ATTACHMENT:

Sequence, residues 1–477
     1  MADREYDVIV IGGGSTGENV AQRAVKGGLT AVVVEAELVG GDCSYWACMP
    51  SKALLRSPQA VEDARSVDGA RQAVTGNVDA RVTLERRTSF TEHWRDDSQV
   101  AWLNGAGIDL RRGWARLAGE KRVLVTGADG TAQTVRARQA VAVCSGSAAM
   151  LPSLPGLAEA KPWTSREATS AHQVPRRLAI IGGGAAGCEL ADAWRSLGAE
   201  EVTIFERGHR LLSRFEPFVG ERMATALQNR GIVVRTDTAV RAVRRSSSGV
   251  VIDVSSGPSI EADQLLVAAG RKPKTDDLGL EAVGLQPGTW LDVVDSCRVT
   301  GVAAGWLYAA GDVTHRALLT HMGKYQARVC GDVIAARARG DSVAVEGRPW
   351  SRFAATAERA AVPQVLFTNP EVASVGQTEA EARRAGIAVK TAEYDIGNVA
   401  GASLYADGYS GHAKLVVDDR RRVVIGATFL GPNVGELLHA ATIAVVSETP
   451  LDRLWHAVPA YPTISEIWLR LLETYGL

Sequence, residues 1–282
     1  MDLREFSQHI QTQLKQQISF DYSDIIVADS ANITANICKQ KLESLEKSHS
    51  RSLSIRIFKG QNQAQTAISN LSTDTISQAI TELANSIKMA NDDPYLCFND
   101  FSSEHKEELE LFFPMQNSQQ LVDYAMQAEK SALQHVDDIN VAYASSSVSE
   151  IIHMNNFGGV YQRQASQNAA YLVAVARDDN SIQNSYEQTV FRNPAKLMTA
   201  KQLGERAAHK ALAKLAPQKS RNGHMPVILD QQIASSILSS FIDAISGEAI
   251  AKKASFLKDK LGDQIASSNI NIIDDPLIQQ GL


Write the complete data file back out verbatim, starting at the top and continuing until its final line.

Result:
Sequence, residues 1–477
     1  MADREYDVIV IGGGSTGENV AQRAVKGGLT AVVVEAELVG GDCSYWACMP
    51  SKALLRSPQA VEDARSVDGA RQAVTGNVDA RVTLERRTSF TEHWRDDSQV
   101  AWLNGAGIDL RRGWARLAGE KRVLVTGADG TAQTVRARQA VAVCSGSAAM
   151  LPSLPGLAEA KPWTSREATS AHQVPRRLAI IGGGAAGCEL ADAWRSLGAE
   201  EVTIFERGHR LLSRFEPFVG ERMATALQNR GIVVRTDTAV RAVRRSSSGV
   251  VIDVSSGPSI EADQLLVAAG RKPKTDDLGL EAVGLQPGTW LDVVDSCRVT
   301  GVAAGWLYAA GDVTHRALLT HMGKYQARVC GDVIAARARG DSVAVEGRPW
   351  SRFAATAERA AVPQVLFTNP EVASVGQTEA EARRAGIAVK TAEYDIGNVA
   401  GASLYADGYS GHAKLVVDDR RRVVIGATFL GPNVGELLHA ATIAVVSETP
   451  LDRLWHAVPA YPTISEIWLR LLETYGL

Sequence, residues 1–282
     1  MDLREFSQHI QTQLKQQISF DYSDIIVADS ANITANICKQ KLESLEKSHS
    51  RSLSIRIFKG QNQAQTAISN LSTDTISQAI TELANSIKMA NDDPYLCFND
   101  FSSEHKEELE LFFPMQNSQQ LVDYAMQAEK SALQHVDDIN VAYASSSVSE
   151  IIHMNNFGGV YQRQASQNAA YLVAVARDDN SIQNSYEQTV FRNPAKLMTA
   201  KQLGERAAHK ALAKLAPQKS RNGHMPVILD QQIASSILSS FIDAISGEAI
   251  AKKASFLKDK LGDQIASSNI NIIDDPLIQQ GL